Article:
Seidenberg v. Summit Bank

348 N.J. Super. 243, 791 A.2d 1068 (Super. Ct. App. Div. 2002)



In New Jersey case law, the implied covenant of good faith and fair dealing is applied in three general ways, each largely unaffected by the parol evidence rule. First, the covenant permits the inclusion of terms and conditions that have not been expressly set forth in the written contract. The covenant acts in such instances to include terms the parties must have intended because they are necessary to give business efficacy to the contract. Second, the covenant is utilized to allow redress for the bad faith performance of an agreement even when the defendant has not breached any express term. And third, the covenant permits inquiry into a party's exercise of discretion expressly granted by a contract's terms.


The employees first became employees when they sold their successful employee benefits business to a bank, with the understanding that the bank would help them build the business and would employ them until they were ready to retire. Instead, the employees alleged, the bank did not help them, preferring to freeze them out of the business, in order to eventually replace them with employees the bank had chosen. The appeals court held that despite the employees' relative sophistication, the trial court acted prematurely in dismissing their claim as precluded by the parol evidence rule. If the employees could show the bank acted in actual bad faith, or exercised its discretion in a manner to frustrate contractual expectations, the employees might recover.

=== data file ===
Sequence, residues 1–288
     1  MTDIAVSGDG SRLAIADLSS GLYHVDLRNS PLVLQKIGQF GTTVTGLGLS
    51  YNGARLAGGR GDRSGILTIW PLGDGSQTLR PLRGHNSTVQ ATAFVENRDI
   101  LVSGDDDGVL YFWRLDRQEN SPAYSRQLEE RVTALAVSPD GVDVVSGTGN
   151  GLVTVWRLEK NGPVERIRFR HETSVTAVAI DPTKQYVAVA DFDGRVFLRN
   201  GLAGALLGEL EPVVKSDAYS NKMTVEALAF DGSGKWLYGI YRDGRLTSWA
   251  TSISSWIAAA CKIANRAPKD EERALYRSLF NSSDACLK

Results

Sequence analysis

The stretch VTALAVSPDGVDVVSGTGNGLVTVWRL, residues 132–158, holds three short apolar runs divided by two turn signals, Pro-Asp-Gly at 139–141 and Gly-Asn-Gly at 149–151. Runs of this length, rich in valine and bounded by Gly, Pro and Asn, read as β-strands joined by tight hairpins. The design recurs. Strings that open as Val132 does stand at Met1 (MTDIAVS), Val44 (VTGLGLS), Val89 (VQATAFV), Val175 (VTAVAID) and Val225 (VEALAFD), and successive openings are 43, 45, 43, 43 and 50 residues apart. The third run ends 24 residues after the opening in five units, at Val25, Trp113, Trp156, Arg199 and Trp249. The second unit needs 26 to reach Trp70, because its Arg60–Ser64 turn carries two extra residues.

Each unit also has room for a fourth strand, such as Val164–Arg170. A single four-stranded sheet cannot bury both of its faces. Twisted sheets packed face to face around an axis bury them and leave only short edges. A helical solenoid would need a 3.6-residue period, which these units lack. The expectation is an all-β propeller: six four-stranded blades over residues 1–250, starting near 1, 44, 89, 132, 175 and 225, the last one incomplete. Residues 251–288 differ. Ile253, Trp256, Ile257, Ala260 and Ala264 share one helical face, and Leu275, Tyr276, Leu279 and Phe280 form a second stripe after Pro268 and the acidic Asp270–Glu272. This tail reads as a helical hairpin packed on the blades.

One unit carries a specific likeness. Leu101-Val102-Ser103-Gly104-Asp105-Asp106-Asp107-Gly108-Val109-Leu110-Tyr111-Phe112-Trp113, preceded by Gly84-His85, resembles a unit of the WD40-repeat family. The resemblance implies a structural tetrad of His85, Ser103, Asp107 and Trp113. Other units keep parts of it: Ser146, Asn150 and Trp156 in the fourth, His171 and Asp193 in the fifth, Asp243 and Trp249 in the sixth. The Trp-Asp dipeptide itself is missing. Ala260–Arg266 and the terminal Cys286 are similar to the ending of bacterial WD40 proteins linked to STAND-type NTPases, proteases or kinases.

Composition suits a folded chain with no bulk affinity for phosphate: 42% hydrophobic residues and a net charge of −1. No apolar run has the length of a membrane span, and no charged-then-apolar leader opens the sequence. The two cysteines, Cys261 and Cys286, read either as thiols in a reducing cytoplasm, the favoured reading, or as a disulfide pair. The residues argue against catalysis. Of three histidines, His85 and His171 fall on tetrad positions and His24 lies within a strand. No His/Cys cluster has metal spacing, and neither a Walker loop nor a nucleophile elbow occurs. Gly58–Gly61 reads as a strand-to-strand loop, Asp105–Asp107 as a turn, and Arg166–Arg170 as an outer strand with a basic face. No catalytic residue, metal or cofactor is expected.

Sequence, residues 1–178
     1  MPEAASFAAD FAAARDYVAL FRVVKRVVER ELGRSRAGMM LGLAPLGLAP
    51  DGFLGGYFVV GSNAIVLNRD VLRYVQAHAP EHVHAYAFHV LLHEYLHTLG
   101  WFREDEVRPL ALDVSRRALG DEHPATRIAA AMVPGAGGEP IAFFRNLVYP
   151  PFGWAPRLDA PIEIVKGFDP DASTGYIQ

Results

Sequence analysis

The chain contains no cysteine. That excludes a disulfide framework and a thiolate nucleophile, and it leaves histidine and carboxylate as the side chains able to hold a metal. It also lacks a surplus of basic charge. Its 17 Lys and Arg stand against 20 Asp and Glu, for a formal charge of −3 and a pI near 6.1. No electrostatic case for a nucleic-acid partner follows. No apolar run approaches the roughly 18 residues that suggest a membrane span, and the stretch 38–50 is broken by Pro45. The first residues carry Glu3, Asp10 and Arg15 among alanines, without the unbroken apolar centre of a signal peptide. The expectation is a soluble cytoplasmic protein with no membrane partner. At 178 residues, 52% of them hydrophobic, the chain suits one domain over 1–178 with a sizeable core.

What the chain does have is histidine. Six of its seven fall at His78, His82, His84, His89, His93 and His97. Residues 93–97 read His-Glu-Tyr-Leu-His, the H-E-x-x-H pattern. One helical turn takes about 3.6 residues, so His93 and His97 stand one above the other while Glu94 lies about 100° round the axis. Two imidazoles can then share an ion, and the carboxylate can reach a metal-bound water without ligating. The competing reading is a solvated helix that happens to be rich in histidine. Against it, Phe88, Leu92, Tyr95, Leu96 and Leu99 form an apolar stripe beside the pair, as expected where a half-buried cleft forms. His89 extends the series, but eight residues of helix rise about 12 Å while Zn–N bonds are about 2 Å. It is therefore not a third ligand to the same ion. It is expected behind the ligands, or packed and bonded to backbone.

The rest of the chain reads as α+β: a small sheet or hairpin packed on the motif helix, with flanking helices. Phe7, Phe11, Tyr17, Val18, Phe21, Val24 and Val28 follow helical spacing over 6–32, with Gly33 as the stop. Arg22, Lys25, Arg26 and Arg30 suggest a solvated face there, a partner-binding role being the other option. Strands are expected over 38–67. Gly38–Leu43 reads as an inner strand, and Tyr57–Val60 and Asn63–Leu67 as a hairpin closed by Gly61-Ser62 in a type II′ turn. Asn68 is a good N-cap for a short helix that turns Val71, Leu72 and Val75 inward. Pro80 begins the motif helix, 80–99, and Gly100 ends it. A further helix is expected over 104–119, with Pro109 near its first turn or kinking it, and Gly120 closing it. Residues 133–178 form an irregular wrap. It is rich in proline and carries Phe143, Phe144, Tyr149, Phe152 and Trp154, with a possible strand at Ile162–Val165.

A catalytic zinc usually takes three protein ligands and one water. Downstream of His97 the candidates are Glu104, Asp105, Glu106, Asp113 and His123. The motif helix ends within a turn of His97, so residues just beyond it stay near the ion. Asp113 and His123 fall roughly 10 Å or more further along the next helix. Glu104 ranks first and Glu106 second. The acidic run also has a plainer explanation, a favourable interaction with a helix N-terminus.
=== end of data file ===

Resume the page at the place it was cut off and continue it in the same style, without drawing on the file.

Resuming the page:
Can a claim of breach of implied covenant based on good faith and fair dealing be dismissed because of the allegations of the case where it is stated that defendant made a contract with another with the intention of exercising his right to terminate such in bad faith?




Plaintiffs' claim of a breach of the implied covenant of good faith and fair dealing is not precluded merely because the parties' possessed equal bargaining power, or because plaintiffs were not financially vulnerable during the contract's formation, or even if the plaintiffs negotiated the contract with the assistance of highly competent counsel. These are factors that the trier of fact may consider in weighing the sufficiency of plaintiffs' claim but they are not the only factors. Also, it was concluded that the parol evidence rule had no impact upon the ability of plaintiffs to substantiate either their claim that they had a reasonable expectation of a continued relationship (notwithstanding the expressed right of Summit to terminate), or their claim that Summit failed to perform its contractual obligations in good faith. And lastly, while the appropriate level of bad faith may be difficult to define and may also vary depending upon the nature of the alleged breach and the type of business engaged in by the parties, plaintiffs' allegations of bad faith and ill motives are sufficient to survive dismissal.

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